‘More than just a supermarket’: Why Woolworths is building apartments

Woolworths has sought a rezoning review for the redevelopment of its Neutral Bay site as it expands its strategy of developing apartments above supermarkets in Sydney, Melbourne and Brisbane.

The supermarket giant says its residential building projects are a response to changes in shopping behaviour that have also prompted other initiatives such as drive-through shopping and small-format grocery stores.

An artist’s impression of Woolworths’ mixed-use residential development in Neutral Bay.
An artist’s impression of Woolworths’ mixed-use residential development in Neutral Bay.Credit: Woolworths

It also plans to build apartments with supermarkets in Waterloo, Rose Bay, Melbourne’s Elsternwick and Kangaroo Point in Brisbane.

But, like other property developers, Woolworths has faced opposition to these projects, as seen in the reaction to its plans in Neutral Bay and Elsternwick.

North Sydney mayor Zoe Baker said the council had opposed the Woolworths plan for Neutral Bay because it exceeded permitted building heights and floor-space ratios.

Baker said the retailer, “like any landowner, can build apartments,” but a rezoning to permit taller buildings was not necessary to upgrade the supermarket.

Woolworths’ plan to build apartments on the site of its Neutral Bay supermarket has attracted opposition from North Sydney Council.
Woolworths’ plan to build apartments on the site of its Neutral Bay supermarket has attracted opposition from North Sydney Council. Credit: Rhett Wyman

“If the rezoning application is approved, it will provide a massive uplift in value to Woolworths without providing a single affordable housing unit,” she said.

Woolworths director of property development Andrew Loveday said mixed-use developments were a response to a demand for shops and services close to where people live.


Loveday said more people wanted to shop closer to home, especially as increasingly dense cities create more congestion on roads and public transport.

“By controlling the development outcome of mixed use developments, it means that we can put the customer and community at the heart of our decision-making, as opposed to being solely driven by residential development objectives,” he said.

Loveday said Woolworths had been a property developer for years but its recent move into building apartments “reflects an urban trend of higher density in metropolitan locations”.

“If we were to sell the sites we own in inner-city suburbs across the country, it is likely that the development proposals put forward would be apartments only and have no additional amenity at all,” he said.

Loveday also said Woolworths differed from other property developers because “we will remain in the development for decades to come”.

Retailers are moving away from stand-alone stores as competition for inner-city sites intensifies, said Knight Frank director of investment sales Anthony Pirrottina.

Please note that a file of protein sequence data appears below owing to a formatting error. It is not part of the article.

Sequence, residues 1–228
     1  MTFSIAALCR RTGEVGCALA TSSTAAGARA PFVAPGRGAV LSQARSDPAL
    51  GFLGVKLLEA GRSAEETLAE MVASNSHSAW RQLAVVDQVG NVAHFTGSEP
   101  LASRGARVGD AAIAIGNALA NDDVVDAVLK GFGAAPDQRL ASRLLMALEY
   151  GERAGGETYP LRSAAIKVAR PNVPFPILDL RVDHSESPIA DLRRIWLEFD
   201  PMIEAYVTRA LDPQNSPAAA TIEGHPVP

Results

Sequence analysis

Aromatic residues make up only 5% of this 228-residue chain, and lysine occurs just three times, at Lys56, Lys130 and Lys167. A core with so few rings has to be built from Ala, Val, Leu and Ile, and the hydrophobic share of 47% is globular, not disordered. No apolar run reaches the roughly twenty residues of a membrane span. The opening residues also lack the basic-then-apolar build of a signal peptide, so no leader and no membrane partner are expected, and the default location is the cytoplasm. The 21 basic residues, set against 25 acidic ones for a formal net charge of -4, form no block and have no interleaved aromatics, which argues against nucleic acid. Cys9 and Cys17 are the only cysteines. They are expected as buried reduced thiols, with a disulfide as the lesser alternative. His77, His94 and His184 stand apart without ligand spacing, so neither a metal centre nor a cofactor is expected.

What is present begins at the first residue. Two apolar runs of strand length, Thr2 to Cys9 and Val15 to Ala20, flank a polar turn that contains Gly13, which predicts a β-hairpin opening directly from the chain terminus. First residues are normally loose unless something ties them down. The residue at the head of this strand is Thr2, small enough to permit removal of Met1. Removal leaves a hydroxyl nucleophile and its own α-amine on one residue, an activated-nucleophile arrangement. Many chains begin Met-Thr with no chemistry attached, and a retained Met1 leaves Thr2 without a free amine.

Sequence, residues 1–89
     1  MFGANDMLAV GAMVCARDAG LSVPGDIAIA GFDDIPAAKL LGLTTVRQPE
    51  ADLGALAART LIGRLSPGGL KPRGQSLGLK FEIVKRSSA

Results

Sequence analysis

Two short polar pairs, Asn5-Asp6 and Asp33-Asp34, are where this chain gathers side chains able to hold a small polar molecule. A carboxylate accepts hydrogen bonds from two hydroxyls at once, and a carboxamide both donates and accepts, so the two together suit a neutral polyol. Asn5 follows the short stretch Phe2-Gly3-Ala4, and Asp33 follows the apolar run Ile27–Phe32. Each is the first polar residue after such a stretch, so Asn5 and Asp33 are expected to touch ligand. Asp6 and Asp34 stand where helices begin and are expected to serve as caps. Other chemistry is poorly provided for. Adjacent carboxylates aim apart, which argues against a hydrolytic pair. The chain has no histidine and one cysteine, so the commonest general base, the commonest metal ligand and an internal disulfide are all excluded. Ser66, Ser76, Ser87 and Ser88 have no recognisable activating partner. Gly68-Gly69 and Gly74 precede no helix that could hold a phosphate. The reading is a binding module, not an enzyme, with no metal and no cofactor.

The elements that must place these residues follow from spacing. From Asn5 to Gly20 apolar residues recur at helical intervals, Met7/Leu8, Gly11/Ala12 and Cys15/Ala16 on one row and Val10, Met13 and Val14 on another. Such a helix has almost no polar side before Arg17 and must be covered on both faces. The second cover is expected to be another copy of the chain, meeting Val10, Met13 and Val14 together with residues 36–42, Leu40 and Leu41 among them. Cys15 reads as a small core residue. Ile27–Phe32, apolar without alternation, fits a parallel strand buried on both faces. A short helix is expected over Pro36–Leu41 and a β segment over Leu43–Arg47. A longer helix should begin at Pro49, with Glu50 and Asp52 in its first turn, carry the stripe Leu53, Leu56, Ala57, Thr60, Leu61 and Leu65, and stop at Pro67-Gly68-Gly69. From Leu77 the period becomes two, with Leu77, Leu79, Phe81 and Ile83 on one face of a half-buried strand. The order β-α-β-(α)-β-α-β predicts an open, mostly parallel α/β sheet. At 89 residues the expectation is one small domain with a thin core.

“The grocery industry is notoriously competitive and the primary intention behind most undertaking these mixed-use developments is not to make a profit but to secure a footprint for their new store,” he said.

Pirrottina said supermarkets faced stiff competition from other developers for sites large enough for a store.

“The reality is that the only way to acquire a piece of land big enough for the gross floor area they need to build a supermarket in capital city locations is to compete with developers and buy a site earmarked for a mixed-use development,” he said.

Other large-format retailers, fast food chains and car dealerships are also moving away from stand-alone stores, Pirrottina said.

“Across the board we are seeing more retail being included in mixed-use and integrated developments in our cities, with stand-alone retail stores becoming less common, particularly as our density increases.”

Building apartments not only offers Woolworths an immediate customer base but also makes a development more likely to win approval in locations such as Waterloo with rapid population growth, Pirrottina said.

Committee for Sydney planning policy manager Estelle Grech said it did not make sense to have large, single-use buildings in well-located areas.

“Woollies hasn’t been a simple grocer in a long time, it’s evolved to meet contemporary needs,” she said. “You used to have no choice but to hop in the car to get your weekly supply of groceries but the way we live has changed and the old model doesn’t suit a lot of time-poor, working families.”

Changes in shoppers’ behaviour have also prompted Coles and Aldi to open smaller format stores – although these proposals have also attracted opposition from residents.

Discount supermarket Aldi is targeting city dwellers and commuters with its “Corner Store” format in locations such as Darlinghurst and Newtown in Sydney, and Prahran and Fitzroy in Melbourne.

A Coles spokesman said the supermarket giant focused on property developments with “good retail, supermarket outcomes”.

”We do some development partnerships and have delivered within mixed-use spaces … generally inner metropolitan areas and includes apartments, offices, medical centres,” he said.

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